That was the beginning of a two-year spell full of ups and downs. Under Kovač’s guidance Croatia achieved pretty good results, qualifying for the World Cup in Brazil (eliminated in the group stage) and having a good start to Euro 2016 qualifying campaign. However Niko was unable to handle some off-the-pitch aspects: first of all the relationship with Croatian football federation vice president and Dinamo Zagreb executive Zdravko Mamić, then the management of a group full of stars and at last but not at least the pressure of protesting fans (those who caused riots during away match against Italy in Milan). When Croatia earned just one point against Norway and Azerbajian in September 2015, local football federation sacked the Kovač brothers. They would begin a new adventure just few months later after being linked with Niko’s former club, RB Salzburg.
Berlin-born manager accepted the offer to lead Bundesliga club Eintracht Frankfurt previously coached by Armin Veh. Niko Kovač and his brother met the challenge to save “Die launische Diva” from relegation with 10 games to play. The new coach found a team on the edge of ruin and with low morale.
Kovač’s first matches weren’t easy. One win against Hannover and four defeats. At that time Frankfurt were virtually relegated. For many Eintracht fans that situation reminded the final part of 2010-2011 season, when the club slipped to Zweite Bundesliga without winning any match after Christoph Daum‘s appointment.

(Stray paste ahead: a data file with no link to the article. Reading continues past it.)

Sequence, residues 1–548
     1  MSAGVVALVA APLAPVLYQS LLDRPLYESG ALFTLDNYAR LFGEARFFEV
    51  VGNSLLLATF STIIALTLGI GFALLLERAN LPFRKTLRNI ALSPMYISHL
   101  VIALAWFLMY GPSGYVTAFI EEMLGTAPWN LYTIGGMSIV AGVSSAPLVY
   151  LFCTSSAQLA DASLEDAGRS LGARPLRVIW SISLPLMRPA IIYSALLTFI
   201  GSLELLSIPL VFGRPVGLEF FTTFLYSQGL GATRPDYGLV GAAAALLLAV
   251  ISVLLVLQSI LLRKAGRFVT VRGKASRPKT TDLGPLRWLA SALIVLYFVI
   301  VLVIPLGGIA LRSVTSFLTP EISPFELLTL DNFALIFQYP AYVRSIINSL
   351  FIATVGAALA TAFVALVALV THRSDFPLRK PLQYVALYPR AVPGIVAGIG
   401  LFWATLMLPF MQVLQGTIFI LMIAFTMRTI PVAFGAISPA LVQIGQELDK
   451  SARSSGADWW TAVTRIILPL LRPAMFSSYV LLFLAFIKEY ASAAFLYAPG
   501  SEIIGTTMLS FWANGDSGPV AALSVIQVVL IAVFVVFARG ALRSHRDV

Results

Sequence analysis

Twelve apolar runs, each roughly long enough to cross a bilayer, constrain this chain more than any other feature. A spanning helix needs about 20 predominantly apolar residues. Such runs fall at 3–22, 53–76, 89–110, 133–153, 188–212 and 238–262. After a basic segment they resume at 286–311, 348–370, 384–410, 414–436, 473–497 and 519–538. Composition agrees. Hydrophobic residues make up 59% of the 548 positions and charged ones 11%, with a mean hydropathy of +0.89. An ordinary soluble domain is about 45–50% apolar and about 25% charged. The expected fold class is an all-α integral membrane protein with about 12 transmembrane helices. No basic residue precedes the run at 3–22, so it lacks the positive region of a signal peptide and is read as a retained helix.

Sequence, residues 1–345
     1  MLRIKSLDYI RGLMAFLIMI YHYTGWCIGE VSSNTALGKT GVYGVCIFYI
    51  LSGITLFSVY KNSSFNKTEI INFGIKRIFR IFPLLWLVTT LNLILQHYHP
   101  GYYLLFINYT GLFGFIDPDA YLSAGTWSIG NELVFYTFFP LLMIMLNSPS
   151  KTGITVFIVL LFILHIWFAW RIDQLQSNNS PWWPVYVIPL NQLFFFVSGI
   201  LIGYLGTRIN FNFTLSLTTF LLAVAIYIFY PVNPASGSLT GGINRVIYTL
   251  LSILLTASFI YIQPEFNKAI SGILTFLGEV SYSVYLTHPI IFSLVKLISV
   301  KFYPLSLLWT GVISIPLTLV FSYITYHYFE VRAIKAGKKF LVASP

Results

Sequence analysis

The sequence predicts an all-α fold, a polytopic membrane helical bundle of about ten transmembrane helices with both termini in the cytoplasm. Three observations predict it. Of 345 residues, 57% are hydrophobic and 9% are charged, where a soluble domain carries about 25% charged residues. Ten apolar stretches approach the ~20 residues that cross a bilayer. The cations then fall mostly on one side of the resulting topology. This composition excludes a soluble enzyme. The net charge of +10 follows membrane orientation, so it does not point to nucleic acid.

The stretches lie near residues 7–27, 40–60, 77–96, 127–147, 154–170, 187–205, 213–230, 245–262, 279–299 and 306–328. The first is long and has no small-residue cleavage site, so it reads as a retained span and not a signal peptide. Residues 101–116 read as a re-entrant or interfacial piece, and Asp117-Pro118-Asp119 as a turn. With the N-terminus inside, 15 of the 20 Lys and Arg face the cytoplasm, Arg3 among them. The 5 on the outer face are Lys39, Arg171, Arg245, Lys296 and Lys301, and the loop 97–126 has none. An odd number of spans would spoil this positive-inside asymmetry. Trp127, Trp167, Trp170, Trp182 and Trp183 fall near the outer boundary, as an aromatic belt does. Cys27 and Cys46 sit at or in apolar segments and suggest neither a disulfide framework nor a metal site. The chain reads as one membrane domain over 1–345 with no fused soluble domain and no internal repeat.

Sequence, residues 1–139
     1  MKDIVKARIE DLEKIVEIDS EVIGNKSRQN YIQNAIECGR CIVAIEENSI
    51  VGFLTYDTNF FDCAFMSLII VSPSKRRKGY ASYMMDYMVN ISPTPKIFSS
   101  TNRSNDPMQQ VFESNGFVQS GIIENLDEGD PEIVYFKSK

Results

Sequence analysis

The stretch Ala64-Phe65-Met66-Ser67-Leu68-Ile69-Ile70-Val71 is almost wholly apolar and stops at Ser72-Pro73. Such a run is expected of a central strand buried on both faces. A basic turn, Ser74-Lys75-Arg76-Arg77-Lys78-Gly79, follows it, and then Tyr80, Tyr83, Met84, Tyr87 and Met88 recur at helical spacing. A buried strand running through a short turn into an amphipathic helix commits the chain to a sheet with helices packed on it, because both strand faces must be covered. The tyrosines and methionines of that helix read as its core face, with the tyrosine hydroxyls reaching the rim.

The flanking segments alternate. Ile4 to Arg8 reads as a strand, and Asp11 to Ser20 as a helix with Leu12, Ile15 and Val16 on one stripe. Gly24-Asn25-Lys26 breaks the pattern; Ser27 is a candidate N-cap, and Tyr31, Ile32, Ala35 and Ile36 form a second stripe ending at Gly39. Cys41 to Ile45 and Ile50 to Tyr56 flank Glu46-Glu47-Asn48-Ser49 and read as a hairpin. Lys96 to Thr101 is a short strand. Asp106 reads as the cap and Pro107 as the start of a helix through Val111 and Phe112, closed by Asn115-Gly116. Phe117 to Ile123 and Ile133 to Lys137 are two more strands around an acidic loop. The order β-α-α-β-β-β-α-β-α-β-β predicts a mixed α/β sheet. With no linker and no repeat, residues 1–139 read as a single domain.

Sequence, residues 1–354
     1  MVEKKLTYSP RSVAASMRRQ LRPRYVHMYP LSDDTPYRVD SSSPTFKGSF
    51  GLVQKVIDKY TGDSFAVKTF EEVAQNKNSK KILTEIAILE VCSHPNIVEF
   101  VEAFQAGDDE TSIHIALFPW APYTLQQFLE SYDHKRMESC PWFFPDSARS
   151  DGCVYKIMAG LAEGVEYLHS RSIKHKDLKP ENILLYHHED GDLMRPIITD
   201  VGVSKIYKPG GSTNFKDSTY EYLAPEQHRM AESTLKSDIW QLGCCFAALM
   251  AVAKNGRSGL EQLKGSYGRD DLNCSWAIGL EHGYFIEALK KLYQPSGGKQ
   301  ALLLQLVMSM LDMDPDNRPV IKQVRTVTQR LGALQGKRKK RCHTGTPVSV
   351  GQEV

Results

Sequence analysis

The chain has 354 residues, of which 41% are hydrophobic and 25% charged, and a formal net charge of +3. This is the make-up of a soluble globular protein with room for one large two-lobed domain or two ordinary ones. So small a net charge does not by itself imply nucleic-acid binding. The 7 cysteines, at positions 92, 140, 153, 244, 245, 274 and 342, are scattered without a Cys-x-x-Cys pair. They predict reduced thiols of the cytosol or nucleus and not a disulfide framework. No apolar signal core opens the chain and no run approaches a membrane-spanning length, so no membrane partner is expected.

Now it’s more difficult for us,”
Kovač said in a interview after their fourth loss.
The turning point of Niko’s spell at Eintracht Frankfurt was a comeback win over Mainz. What “die launische Diva” showed in the following games was a more solid defense and a new team spirit. “I need all of you,” Kovač repeated several times during relegation battle.
The Croatian coach adapted “The Eagles’” formation according to opponents and physical conditions of his players. Furthermore he changed the position of some key footballers like midfielder Makoto Hasebe and Marco Russ. Above all, Kovač relied on a team that had no much talent but was able to take advantage of opponent teams’ weak points.
Thanks to Kovač’s “new deal”, Eintracht Frankfurt avoided relegation after a thrilling two-legged play off against Nürnberg. “The Eagles”, that in the last regular season match lost the chance to get to safety due to a last-gasp defeat against Werder Bremen, drew 1-1 at home but won 1-0 in Nurnberg thanks to Seferović‘s goal. A special victory, also because just few hours before the match key player Marco Russ announced that he had been diagnosed with cancer.